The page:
Health workers under fire: Israel´s new target


Health workers performing medical tasks are protected by International Humanitarian Law. However, in the context of more assertive and aggressive policies of Israel towards Palestine, violence against medical personnel has increased.


Talking with Palestine Monitor, Legal Researcher at legal rights organisation Al-Haq, Rania Muhareb, said they have seen a trend in “excessive use of force against health workers”.


“What we are seeing is indeed intentional targeting of them,” Muhareb said. 


Muhareb explained that since March 30, 2018, four health workers have been killed by Israeli forces while attending injuries and performing their duties. Three of them were killed in Gaza during the Great March of Return and one of them in the West Bank. 


“The orders that were given to Israeli soldiers and snippers in the Great March of Return was to use live ammunition against unarmed civilians,” Muhareb explained. “There is a systematic plan to target Palestinian civilians and that has included health workers as well.”


The latest case of a Palestinian medic being killed was that of 17-year-old volunteer paramedic Sajed Abd Al-Hakim Hilmi Mizher, which has been extensively covered by an investigation conducted by Al-Haq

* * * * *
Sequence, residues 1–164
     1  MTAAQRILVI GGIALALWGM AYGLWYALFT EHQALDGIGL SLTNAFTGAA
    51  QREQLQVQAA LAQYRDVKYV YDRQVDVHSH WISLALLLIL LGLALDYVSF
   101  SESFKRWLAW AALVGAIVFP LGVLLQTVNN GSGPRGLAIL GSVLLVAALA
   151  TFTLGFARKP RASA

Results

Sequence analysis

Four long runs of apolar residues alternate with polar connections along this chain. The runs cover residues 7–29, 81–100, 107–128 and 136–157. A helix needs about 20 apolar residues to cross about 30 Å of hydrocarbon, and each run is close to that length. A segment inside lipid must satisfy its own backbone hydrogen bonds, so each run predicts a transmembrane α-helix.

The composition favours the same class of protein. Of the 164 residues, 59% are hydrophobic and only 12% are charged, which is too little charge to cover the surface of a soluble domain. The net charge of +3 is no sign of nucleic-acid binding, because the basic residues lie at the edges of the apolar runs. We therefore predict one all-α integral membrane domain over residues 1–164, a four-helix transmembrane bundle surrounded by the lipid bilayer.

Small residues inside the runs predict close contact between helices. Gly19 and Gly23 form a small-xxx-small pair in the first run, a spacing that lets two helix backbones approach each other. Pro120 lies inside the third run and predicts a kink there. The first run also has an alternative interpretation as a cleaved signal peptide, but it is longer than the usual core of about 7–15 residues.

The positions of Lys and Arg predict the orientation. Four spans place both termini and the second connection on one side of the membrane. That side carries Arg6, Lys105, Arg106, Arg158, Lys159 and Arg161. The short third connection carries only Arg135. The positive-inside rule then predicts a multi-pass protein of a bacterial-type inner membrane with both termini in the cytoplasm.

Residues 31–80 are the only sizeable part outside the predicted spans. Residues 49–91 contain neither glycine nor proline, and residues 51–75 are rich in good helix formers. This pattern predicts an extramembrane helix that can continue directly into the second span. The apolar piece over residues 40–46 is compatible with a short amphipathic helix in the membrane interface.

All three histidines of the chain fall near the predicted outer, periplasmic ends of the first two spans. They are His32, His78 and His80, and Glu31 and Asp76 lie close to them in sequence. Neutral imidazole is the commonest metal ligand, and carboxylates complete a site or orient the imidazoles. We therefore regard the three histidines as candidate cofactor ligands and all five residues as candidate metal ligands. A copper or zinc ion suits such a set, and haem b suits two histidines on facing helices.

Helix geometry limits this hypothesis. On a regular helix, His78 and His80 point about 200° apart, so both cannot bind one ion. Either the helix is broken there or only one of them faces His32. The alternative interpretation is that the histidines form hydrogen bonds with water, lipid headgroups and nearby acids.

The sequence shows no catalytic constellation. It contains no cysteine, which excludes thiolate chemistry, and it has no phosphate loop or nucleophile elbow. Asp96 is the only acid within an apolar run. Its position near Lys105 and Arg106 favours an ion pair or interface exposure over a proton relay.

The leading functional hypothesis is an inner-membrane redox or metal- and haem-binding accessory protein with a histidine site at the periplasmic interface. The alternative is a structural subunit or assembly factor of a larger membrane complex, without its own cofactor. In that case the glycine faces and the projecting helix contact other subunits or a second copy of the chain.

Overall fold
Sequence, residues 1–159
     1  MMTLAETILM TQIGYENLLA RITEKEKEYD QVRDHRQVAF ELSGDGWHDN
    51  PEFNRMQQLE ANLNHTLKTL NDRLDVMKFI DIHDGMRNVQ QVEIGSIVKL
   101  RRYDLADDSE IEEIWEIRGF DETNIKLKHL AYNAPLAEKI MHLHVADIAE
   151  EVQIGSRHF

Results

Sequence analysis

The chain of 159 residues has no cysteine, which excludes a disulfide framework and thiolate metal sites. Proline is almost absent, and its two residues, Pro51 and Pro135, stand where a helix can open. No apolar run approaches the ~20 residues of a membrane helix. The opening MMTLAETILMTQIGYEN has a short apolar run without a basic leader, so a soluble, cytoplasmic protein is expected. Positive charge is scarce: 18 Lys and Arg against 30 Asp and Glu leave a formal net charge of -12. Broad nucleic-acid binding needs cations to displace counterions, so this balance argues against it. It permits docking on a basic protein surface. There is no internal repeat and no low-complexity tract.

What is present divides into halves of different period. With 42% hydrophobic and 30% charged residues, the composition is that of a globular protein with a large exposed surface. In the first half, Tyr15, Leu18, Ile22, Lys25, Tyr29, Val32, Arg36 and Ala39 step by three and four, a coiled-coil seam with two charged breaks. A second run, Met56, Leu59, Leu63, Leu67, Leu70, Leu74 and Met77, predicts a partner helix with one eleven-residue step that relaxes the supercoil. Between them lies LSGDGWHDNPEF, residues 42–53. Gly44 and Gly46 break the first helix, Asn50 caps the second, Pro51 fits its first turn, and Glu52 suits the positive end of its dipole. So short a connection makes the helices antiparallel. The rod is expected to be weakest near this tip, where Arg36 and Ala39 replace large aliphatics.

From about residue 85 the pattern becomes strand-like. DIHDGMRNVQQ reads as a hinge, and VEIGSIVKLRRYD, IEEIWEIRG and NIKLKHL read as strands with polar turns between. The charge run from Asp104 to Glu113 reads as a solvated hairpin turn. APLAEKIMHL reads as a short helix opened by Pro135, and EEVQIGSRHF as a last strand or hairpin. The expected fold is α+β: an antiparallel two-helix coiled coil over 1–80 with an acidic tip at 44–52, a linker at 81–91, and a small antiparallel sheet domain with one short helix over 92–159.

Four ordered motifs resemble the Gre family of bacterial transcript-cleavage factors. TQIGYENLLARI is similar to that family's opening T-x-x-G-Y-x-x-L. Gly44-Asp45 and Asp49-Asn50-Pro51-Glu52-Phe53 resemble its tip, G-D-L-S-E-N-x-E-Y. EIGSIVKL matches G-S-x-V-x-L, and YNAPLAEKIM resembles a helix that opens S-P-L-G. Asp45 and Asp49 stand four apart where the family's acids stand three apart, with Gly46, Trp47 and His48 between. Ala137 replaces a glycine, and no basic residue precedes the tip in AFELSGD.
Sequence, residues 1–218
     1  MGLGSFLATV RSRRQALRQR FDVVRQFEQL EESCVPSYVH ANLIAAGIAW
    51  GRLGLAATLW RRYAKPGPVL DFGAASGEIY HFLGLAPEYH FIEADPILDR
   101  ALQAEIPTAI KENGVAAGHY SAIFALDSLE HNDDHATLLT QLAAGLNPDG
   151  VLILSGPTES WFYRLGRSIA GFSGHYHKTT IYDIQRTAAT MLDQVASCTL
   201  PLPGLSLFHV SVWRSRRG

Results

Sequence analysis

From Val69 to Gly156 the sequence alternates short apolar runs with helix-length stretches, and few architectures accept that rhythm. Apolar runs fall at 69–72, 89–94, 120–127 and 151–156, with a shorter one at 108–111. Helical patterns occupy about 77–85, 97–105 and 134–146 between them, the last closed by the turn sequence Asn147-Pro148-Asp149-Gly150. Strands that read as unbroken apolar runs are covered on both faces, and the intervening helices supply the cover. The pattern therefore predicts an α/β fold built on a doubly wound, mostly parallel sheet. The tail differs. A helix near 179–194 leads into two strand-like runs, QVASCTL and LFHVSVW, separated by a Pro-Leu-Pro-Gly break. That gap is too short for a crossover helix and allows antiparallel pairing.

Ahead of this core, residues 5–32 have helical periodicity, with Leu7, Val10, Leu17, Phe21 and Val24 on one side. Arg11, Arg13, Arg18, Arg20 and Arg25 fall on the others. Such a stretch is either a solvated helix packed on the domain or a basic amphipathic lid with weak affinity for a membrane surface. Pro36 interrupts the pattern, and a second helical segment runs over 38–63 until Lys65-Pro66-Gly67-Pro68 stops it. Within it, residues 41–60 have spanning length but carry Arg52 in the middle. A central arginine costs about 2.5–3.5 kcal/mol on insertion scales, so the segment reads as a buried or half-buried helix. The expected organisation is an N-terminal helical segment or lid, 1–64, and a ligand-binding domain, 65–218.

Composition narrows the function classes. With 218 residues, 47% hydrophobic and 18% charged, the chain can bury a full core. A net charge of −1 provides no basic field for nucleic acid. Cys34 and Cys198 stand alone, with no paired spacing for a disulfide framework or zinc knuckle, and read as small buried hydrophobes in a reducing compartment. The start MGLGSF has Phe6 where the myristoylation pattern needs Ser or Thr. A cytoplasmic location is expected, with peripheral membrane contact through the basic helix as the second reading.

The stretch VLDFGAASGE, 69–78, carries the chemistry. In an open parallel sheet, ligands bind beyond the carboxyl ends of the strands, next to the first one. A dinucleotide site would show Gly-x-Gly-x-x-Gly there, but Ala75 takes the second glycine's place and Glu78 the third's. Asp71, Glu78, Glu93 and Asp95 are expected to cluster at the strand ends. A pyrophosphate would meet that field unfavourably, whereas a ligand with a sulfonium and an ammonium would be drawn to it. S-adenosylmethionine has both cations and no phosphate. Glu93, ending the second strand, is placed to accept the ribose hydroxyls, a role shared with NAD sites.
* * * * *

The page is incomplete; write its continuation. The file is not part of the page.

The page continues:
Sajed was shot to death by Israeli occupying forces on March 27 this year while attending injured during clashes between Palestinians and Israeli soldiers in the Bethlehem Dheisheh Refugee Camp in the occupied West Bank. Sajed was wearing a high visibility medic vest, clearly marked as a health care worker.


When asked whether Israel’s targeting of health workers amounts to War Crimes, Muhareb strongly agreed. Moreover, she asserted that, “so far no-one from the Israeli forces has ever been held accountable” and that international jurisdiction is the only avenue possible for an investigation and punishment of Israeli illegal exercise of violence as “the Israeli judiciary is unwilling to genuinely do so”.


According to Muhareb, when it comes to the killing of Palestinian medic personnel, “widespread impunity prevails”.